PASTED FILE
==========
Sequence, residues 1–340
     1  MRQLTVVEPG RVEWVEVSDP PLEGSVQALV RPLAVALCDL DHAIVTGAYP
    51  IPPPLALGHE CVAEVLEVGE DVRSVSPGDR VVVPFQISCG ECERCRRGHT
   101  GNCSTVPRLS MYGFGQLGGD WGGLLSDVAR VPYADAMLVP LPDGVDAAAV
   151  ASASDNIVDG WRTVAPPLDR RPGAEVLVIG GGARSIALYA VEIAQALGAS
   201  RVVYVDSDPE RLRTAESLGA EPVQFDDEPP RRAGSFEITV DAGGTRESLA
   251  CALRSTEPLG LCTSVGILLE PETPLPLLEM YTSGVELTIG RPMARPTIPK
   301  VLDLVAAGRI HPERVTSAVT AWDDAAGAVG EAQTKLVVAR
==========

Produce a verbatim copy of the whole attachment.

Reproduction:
Sequence, residues 1–340
     1  MRQLTVVEPG RVEWVEVSDP PLEGSVQALV RPLAVALCDL DHAIVTGAYP
    51  IPPPLALGHE CVAEVLEVGE DVRSVSPGDR VVVPFQISCG ECERCRRGHT
   101  GNCSTVPRLS MYGFGQLGGD WGGLLSDVAR VPYADAMLVP LPDGVDAAAV
   151  ASASDNIVDG WRTVAPPLDR RPGAEVLVIG GGARSIALYA VEIAQALGAS
   201  RVVYVDSDPE RLRTAESLGA EPVQFDDEPP RRAGSFEITV DAGGTRESLA
   251  CALRSTEPLG LCTSVGILLE PETPLPLLEM YTSGVELTIG RPMARPTIPK
   301  VLDLVAAGRI HPERVTSAVT AWDDAAGAVG EAQTKLVVAR